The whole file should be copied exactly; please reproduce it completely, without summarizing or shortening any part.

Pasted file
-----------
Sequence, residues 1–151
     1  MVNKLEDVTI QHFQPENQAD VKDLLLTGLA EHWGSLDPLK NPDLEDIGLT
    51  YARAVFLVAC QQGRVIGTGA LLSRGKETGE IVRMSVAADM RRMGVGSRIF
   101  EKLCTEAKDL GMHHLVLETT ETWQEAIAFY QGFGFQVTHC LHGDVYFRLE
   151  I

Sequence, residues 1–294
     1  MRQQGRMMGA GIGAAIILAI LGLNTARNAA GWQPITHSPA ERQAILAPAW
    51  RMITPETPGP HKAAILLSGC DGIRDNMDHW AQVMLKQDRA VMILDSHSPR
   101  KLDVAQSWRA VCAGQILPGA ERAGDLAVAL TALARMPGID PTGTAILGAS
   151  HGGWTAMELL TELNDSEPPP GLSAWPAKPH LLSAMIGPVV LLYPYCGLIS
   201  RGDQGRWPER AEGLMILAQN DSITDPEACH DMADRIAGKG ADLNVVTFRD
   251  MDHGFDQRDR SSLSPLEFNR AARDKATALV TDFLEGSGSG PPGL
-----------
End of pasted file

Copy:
Sequence, residues 1–151
     1  MVNKLEDVTI QHFQPENQAD VKDLLLTGLA EHWGSLDPLK NPDLEDIGLT
    51  YARAVFLVAC QQGRVIGTGA LLSRGKETGE IVRMSVAADM RRMGVGSRIF
   101  EKLCTEAKDL GMHHLVLETT ETWQEAIAFY QGFGFQVTHC LHGDVYFRLE
   151  I

Sequence, residues 1–294
     1  MRQQGRMMGA GIGAAIILAI LGLNTARNAA GWQPITHSPA ERQAILAPAW
    51  RMITPETPGP HKAAILLSGC DGIRDNMDHW AQVMLKQDRA VMILDSHSPR
   101  KLDVAQSWRA VCAGQILPGA ERAGDLAVAL TALARMPGID PTGTAILGAS
   151  HGGWTAMELL TELNDSEPPP GLSAWPAKPH LLSAMIGPVV LLYPYCGLIS
   201  RGDQGRWPER AEGLMILAQN DSITDPEACH DMADRIAGKG ADLNVVTFRD
   251  MDHGFDQRDR SSLSPLEFNR AARDKATALV TDFLEGSGSG PPGL